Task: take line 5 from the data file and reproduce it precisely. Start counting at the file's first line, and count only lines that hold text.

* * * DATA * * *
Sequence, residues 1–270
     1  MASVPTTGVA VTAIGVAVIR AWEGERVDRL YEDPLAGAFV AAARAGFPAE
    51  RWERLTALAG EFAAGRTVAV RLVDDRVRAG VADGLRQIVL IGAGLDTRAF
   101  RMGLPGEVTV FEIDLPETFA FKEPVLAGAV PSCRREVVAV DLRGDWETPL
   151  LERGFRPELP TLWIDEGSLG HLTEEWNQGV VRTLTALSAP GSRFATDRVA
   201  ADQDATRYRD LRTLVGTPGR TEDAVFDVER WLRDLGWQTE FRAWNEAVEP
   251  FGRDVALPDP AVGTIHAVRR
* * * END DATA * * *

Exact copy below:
   151  LERGFRPELP TLWIDEGSLG HLTEEWNQGV VRTLTALSAP GSRFATDRVA